Meeting FY17 fiscal deficit target of 3.5 per cent a challenge, says Citigroup

The central government’s target to bring down fiscal deficit to 3.5 per cent in 2016-17 is likely to become even more challenging, considering the rise in wage expenditure, aCitigroup report says.

“Considering the rise in wage expenditure by 0.5 per cent of GDP next fiscal and a likely reduction in corporate tax rate, the central government’s target to reduce fiscal deficit from 3.9 per cent of GDP this fiscal year to 3.5 per cent in 2016-17 becomes even more challenging,” the global financial services major said.

The brokerage sounded a warning that if the fiscal deficit target is achieved through a cut in public investments, it could offset the gains on economic activity somewhat.

“In light of this balancing act, the 3.5 per cent target for 2016-17 looks difficult at the outset,” it added.

In a big bonanza to central employees and pensioners, the 7th Pay Commission has recommended a 23.55 per cent increase in salary, allowances and pension, along with a virtual one-rank-one-pension for civilians, involving an additional outgo of Rs 1.02 lakh crore a year.

The recommendations will benefit 47 lakh central government employees and 52 lakh pensioners, which will impact the central Budget by Rs 73,650 crore and the Railway budget by Rs 28,450 crore.

“The combined wage boost is around Rs 1 trillion, or 0.65 per cent of GDP,” the Citigroup report said.

Moreover, since states tend to implement the central pay commission recommendations, albeit with some modifications and a lag, “the combined wage stimulus (the Centre and states) could be more than 1 per cent of GDP over 2017-18,” the report added.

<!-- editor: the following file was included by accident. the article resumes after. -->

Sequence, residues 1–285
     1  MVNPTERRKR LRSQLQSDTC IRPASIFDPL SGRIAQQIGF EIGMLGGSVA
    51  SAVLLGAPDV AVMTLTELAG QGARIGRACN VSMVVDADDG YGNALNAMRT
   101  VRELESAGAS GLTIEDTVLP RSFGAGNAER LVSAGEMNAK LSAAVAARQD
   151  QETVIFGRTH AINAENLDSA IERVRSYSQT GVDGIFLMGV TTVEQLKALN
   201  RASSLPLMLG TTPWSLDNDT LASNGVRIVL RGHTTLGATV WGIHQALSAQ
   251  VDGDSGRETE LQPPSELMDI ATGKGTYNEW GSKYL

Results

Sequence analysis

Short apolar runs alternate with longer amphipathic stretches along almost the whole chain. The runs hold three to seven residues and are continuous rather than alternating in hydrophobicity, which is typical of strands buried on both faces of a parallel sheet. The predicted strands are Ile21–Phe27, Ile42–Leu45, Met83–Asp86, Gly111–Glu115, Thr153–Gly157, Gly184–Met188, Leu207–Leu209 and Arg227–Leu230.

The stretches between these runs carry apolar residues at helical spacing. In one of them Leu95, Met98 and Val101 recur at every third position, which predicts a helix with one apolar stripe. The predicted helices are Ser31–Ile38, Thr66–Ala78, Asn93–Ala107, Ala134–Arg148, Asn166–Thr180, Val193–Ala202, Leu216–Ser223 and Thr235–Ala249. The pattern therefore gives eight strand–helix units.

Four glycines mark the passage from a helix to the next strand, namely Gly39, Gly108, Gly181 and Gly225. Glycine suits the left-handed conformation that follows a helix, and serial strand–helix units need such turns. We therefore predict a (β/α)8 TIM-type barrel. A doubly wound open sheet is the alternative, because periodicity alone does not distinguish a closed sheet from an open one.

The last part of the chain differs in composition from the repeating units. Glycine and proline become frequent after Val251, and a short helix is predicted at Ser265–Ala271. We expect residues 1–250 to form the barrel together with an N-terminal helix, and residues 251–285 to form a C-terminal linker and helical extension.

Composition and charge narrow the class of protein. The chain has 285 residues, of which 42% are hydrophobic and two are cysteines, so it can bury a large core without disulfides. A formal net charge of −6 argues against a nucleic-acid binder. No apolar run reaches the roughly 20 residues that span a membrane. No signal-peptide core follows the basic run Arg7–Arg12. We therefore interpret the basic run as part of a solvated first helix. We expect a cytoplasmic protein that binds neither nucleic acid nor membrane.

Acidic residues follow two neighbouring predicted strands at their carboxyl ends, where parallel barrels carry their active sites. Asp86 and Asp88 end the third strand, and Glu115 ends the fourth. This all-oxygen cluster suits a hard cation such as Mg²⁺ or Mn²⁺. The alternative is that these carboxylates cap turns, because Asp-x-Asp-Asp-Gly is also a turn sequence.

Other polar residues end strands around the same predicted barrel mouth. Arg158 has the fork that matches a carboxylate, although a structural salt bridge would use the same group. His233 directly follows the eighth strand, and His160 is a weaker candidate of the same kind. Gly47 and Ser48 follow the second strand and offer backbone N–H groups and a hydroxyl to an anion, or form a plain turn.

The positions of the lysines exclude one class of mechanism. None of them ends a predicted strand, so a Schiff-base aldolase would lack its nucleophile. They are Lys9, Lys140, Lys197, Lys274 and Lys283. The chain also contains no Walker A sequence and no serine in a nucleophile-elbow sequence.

The report took note of sentimental boost for over 15 million workers/pensioners from both the Centre and states, which could lift private consumption growth to around 8.4 per cent in 2016-17, from 6.3 per cent in 2014-15.

According to Bank of America Merrill Lynch (BofA-ML), the 7th Pay Commission is likely to support consumption recovery in the country.

“The boost to consumption would largely be spent on consumer discretionary items and housing. This stimulus would persist for 2-3 years as the 7th Pay Commission award is implemented by state governments, public sector undertakings and universities,” BofA-ML said in a research note.

“In our view, the Finance Minister will need to retain the 2016-17 fiscal deficit at 3.9 per cent of GDP – higher than 3.5 per cent targeted – to accommodate the 7th Pay Commission and OROP payout.”

According to global financial services major HSBC, If state and local governments follow suit, the pay commissions can increase wages for up to 18 million employees, including the Centre, states and local administration employees, and this can have a “sizeable impact” on consumption.

“If it can absorb wage hikes without compromising on its fiscal consolidation or capex targets, today’s wage increase recommendation could indeed be a net positive for sustainable growth,” HSBC said, adding that “however, if a compromise is made, then the consumption boost could eventually translate into higher inflation”.